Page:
Health inequities in rural communities across the South are continuing to determine who is most vulnerable to Covid-19 now that the Delta variant is bringing a new surge in deaths.
Several states, including Florida and Georgia, have experienced the highest levels of hospitalizations to date in recent months, as the highly contagious variant sweeps through the country, and within those states, rural areas are especially hard-hit.
“Delta has been brutal on our community,” said Tammy Jackson-Moore, co-founder of the Guardians of the Glades nonprofit, who has been working to improve vaccination rates in Pahokee and other predominantly Black or Hispanic cities in Palm Beach County, Fla. “We knew Covid was bad, but Delta showed us it was worse than what we anticipated.”
The Glades, an agricultural area bordering the Everglades, is one of a number of rural communities with large Black populations that STAT visited early this year to report on the pandemic’s impact.
In Pahokee, where STAT previously exposed vaccines intended for local Black and Hispanic local residents instead going to white people who drove there from out of town, there have been more deaths since Delta hit than at any other time in the pandemic, according to Jackson-Moore.
Nationally, the racial gap in deaths appears to have narrowed significantly in recent months, according to government data, though Black people are still dying at slightly higher rates than white individuals across the U.S. since the summer, according to the CDC. The differences are small: There were 0.3 deaths per 100,000 Black people compared to 0.2 per 100,000 white people in May, and 1.3 Black deaths versus 1.2 white deaths in August.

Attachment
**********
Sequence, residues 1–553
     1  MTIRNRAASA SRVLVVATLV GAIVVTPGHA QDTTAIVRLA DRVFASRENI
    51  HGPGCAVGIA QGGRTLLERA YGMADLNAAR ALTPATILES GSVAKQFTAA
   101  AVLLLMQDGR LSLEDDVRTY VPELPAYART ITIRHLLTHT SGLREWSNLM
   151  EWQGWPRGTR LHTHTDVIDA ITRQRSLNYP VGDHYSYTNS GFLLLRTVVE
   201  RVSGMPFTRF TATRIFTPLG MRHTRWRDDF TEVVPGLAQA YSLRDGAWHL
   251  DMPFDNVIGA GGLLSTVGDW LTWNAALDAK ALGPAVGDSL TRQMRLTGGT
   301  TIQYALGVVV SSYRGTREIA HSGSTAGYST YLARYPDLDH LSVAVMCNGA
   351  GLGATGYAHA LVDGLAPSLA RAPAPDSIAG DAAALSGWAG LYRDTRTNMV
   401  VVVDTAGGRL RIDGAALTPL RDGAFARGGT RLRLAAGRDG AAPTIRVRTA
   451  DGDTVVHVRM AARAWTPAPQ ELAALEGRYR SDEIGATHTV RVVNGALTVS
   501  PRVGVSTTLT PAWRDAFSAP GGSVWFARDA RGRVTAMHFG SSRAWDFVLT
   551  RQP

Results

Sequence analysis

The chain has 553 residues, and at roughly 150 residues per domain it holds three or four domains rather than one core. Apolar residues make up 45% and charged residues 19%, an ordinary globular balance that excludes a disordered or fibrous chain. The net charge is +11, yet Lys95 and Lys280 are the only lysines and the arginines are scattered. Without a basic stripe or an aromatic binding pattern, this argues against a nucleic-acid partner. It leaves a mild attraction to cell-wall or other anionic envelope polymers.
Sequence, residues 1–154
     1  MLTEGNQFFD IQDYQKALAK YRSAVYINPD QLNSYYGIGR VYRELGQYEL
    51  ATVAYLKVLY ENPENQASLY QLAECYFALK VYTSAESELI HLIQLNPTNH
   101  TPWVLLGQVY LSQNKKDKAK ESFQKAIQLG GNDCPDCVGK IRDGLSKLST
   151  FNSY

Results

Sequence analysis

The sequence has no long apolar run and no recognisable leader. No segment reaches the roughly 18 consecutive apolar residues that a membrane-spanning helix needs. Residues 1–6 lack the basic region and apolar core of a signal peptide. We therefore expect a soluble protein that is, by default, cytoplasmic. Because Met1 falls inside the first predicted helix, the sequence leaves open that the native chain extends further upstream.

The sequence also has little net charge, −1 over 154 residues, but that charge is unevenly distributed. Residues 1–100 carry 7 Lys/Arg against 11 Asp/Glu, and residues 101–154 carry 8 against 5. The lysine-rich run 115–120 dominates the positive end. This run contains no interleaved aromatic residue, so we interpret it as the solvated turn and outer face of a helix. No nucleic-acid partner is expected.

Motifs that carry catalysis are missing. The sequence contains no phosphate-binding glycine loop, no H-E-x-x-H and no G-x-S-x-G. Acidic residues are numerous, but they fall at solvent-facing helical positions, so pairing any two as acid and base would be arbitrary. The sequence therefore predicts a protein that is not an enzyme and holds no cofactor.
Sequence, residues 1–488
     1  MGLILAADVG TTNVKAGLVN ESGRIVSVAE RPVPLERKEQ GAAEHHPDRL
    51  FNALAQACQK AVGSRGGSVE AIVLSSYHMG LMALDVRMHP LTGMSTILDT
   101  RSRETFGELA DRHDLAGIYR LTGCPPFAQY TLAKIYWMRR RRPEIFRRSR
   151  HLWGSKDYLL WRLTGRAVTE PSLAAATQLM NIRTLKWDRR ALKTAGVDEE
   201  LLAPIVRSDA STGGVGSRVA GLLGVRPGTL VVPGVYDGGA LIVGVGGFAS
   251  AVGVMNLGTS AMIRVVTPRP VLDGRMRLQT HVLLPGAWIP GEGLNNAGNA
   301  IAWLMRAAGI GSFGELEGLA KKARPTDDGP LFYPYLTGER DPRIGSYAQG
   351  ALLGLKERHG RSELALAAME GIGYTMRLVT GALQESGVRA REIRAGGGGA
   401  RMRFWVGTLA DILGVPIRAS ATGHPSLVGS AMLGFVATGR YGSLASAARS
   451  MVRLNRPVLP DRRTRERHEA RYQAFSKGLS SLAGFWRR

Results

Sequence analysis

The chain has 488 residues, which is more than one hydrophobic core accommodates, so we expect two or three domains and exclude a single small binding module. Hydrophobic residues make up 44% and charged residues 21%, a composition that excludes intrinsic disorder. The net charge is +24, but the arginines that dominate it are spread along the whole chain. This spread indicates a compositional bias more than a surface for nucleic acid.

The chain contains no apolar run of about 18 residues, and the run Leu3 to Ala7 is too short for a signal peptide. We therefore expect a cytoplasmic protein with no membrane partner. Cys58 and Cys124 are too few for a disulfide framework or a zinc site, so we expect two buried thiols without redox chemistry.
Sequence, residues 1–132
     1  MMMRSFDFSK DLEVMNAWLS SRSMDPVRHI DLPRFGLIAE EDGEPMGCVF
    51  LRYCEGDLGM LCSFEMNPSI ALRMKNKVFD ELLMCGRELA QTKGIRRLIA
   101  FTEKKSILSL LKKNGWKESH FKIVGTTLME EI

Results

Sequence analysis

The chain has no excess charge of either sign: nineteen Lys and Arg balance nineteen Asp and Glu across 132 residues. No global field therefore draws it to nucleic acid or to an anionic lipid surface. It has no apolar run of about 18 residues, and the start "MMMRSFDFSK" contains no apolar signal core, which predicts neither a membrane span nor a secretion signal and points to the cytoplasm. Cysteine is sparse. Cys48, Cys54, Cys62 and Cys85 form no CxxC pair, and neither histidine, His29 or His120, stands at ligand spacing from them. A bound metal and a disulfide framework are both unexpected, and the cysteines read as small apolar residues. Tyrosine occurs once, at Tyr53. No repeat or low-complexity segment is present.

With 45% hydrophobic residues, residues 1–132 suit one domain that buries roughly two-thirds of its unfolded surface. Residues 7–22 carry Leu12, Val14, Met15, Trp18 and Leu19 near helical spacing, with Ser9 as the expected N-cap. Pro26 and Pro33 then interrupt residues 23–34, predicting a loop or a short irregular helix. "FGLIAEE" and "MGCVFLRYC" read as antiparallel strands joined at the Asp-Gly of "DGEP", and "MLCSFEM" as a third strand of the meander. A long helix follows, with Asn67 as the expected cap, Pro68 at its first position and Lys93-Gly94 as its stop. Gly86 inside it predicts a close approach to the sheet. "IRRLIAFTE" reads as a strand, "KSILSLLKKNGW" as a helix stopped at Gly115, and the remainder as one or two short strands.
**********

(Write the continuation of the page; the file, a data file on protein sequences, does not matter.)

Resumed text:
These numbers don’t tell the whole story, however, as a lower percentage of Black people than white people reach old age, when Covid-19 is most lethal. “People of color in the U.S. tend to skew younger and are dying at younger ages,” said Keisha Leanne Bentley-Edwards, a professor of medicine at Duke University School of Medicine who studies racial determinants of health. The overall data obscure the level of disparity, she added.
Within the United States, there are considerable variations in worst-hit communities, with some white rural areas with low vaccination rates suffering deaths from Delta where they’d previously experienced minimal impact. Elsewhere, the lack of health care infrastructure that contributed to deaths early in the pandemic is compounding the effects of Delta.
“The contagion now is worse than ever. … Every time we turn around, there’s another case,” said Paul Langford, the mayor of Shellman in Randolph County, Ga., which lost its hospital during the pandemic, as STAT reported earlier this year, and only has one ambulance in the county. “Because of not having a hospital, a lot of people can be in the middle of a severe case before they finally go to another hospital.”
He knows two people who have died in the past two weeks, and he regularly calls the Albany hospital to ask after a Shellman resident who’s been on a ventilator for weeks.